Mozambique’s Insurgency Is a Regional Problem
Rising extremist violence in the country’s oil-rich north threatens stability in southern Africa—and requires a coordinated response.
Armed attacks by extremist militant groups in Mozambique’s oil-rich Cabo Delgado province have increased this year, sending a wave of panic through neighboring countries. The Islamic State has claimed responsibility for some of the attacks, but extremists from Kenya and Tanzania and a homegrown group called Ahlu Sunna Wal Jama are also behind the rise in violence.
It is unclear if the extremist groups are connected and therefore difficult to determine who is behind which attacks. Since 2017, militants have killed 700 civilians and also targeted security forces, destroying government infrastructure and seizing weapons from Mozambican troops. In April, an extremist group killed 52 people in the village of Xitaxi—the deadliest attack yet. No group has claimed responsibility.
The violence in Cabo Delgado began in October 2017, several years after massive oil and gas deposits were discovered in the region. Multinational corporations such as ExxonMobil and Total invested in the area, but the rising insurgency presents a major risk: Their projects could stall if the violence continues to escalate.
Mozambique shares borders with Malawi, South Africa, Eswatini, Zambia, Zimbabwe, and Tanzania—all members of the Southern African Development Community (SADC), a 16-country economic bloc collectively worth $721 billion. If the insurgency is not checked soon, it could spread throughout the region—threatening the peace and stability of the other member states. But SADC isn’t mounting a coordinated response to the looming danger.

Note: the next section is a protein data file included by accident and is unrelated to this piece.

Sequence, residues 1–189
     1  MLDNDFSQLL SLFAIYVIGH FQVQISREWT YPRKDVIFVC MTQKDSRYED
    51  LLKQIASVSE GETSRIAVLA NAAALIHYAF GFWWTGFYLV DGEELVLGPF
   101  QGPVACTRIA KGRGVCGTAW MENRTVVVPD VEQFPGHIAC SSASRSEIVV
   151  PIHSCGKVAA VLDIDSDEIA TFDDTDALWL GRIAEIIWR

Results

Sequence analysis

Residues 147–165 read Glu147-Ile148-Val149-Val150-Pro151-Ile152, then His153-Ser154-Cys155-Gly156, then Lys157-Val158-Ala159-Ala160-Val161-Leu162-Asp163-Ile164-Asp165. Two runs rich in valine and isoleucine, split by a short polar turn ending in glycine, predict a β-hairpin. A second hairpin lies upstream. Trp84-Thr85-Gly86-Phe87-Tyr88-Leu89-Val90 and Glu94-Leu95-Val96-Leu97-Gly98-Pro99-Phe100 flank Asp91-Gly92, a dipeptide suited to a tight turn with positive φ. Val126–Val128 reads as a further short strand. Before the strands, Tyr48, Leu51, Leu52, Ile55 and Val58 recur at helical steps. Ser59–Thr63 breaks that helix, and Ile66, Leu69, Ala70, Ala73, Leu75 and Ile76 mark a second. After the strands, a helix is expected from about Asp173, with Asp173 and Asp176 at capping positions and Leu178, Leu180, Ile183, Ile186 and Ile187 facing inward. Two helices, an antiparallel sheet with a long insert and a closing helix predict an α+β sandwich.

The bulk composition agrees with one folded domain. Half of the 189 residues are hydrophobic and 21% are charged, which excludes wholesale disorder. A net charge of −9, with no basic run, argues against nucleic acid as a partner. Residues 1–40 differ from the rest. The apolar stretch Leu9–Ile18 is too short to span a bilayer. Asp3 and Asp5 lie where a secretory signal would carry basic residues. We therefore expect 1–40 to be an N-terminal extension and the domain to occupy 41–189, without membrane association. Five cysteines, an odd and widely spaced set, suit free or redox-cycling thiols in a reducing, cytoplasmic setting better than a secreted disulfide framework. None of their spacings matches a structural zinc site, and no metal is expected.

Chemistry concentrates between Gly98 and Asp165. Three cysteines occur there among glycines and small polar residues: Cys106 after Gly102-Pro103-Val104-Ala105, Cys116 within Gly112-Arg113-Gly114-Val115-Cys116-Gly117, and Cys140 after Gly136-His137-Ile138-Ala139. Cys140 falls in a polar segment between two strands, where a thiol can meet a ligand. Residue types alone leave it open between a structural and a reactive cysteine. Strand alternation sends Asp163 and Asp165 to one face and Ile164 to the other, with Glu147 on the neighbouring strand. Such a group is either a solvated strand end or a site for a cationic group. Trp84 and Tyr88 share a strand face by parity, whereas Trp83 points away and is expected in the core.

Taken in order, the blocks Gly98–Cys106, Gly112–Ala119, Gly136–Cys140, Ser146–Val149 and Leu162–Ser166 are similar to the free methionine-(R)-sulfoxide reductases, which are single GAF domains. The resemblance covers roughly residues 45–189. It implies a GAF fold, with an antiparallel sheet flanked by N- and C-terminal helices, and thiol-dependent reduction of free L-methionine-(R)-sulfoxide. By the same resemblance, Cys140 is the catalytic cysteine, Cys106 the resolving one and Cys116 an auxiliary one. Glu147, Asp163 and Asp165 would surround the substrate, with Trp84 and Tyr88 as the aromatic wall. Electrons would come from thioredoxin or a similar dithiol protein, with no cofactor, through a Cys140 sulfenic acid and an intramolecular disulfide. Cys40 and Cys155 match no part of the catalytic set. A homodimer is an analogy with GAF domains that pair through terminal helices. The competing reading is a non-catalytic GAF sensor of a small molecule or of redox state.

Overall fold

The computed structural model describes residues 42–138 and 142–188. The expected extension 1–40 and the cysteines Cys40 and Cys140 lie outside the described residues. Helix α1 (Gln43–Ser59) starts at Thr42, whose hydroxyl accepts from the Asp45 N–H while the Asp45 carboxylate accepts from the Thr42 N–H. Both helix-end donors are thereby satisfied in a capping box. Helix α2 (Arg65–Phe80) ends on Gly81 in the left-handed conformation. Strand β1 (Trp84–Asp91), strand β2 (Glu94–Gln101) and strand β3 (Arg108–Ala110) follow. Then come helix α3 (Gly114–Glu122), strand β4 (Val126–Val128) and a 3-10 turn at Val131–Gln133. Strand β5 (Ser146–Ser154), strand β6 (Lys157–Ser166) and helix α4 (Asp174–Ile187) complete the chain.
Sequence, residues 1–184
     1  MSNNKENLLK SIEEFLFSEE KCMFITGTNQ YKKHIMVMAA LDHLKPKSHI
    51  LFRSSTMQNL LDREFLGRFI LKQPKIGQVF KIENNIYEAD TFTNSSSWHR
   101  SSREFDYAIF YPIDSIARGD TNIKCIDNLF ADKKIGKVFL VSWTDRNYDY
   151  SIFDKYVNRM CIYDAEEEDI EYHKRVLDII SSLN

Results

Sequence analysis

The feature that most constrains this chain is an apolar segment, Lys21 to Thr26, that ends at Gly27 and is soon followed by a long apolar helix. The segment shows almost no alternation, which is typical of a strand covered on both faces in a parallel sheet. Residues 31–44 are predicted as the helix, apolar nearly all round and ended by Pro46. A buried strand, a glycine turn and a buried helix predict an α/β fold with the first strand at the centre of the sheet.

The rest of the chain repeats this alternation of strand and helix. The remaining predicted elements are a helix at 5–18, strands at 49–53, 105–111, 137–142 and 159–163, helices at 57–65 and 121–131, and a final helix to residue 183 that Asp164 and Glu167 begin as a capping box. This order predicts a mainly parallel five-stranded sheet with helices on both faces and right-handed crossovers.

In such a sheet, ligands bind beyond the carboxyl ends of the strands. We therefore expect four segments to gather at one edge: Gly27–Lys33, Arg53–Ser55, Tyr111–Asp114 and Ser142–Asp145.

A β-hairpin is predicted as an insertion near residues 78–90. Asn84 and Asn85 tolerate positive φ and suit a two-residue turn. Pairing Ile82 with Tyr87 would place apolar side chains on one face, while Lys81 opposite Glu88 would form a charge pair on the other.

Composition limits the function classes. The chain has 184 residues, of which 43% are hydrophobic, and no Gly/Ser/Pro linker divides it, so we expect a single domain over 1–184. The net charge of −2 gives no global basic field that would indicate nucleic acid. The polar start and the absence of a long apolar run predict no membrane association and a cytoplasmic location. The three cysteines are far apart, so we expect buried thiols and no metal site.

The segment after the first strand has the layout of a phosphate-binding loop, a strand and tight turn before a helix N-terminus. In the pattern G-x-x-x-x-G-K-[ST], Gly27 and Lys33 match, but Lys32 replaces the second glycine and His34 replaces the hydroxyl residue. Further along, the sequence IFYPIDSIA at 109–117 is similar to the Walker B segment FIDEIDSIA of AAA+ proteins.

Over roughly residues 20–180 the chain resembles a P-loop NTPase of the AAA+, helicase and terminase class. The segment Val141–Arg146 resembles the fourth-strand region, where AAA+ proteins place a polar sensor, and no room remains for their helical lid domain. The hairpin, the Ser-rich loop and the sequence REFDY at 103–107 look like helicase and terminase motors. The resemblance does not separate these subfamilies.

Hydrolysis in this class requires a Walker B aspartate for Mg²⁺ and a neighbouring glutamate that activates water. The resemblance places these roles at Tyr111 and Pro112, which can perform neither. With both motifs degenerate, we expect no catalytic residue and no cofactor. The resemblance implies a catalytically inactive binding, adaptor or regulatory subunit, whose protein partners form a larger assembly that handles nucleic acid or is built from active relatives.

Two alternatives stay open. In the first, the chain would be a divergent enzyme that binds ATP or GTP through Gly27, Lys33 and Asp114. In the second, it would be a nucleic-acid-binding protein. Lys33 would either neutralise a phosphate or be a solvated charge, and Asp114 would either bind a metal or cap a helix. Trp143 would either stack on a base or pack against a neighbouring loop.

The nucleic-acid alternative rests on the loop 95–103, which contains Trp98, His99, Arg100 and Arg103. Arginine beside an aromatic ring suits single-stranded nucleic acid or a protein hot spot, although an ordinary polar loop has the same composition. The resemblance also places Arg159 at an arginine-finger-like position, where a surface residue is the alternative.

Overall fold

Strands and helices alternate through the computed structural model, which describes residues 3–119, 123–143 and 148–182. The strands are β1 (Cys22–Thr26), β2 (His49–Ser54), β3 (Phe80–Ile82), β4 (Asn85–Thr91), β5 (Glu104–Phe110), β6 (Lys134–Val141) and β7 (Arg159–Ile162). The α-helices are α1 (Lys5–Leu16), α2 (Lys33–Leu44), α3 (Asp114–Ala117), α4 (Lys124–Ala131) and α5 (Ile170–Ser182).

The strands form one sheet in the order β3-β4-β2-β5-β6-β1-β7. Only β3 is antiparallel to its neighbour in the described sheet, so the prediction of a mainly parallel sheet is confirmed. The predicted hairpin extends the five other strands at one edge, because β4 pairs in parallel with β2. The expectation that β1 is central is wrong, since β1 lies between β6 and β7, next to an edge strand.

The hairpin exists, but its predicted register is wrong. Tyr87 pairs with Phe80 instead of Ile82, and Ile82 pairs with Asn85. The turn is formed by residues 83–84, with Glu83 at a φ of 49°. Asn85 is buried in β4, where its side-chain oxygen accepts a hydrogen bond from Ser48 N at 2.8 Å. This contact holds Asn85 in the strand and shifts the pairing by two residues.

In the first four months of 2020, violent incidents in Cabo Delgado rose by 300 percent compared with the same period in 2019, according to estimates by the Armed Conflict Location and Event Data Project, a U.S.-based crisis-mapping project. During the same period, 285 people were killed in extremist attacks—bringing the total number of all reported fatalities to more than 1,000 since the insurgency began. More than 200,000 people have fled their homes as the violence spreads toward the southern part of the province.
In addition to Cabo Delgado’s rich mineral resources, the marginalization of its majority Muslim population has played a key role in stoking the fires of insurgency. Years of central government neglect, joblessness, and poverty have pushed the province’s disenchanted young people into the armed militias. “For me, it does not make sense to speak of ‘jihadism,’” Yussuf Adam, a professor at Eduardo Mondlane University in Maputo, told a local media outlet. “These are people who find themselves marginalized, who do not receive the benefits they should receive.”
The Mozambican army has moved to quell the attacks with the help of private military contractors, including Russia’s Wagner Group and the South Africa-based security company Dyck Advisory Group. The government says it has killed more than 100 insurgents in recent months, but it is hardly on top of the situation. Instead, it has dithered for years, allowing the militants to transform from a small movement into a much larger menace.
The government has long been secretive about the insurgency in Cabo Delgado, viewing the attacks as the result of local criminal activity rather than an external force. At first, some government officials denied the presence of jihadists. Meanwhile, opposition voices, such as the Democratic Movement of Mozambique party, have appealed to the government to declare a state of war in the region to elicit international support in fighting the shadowy insurgency.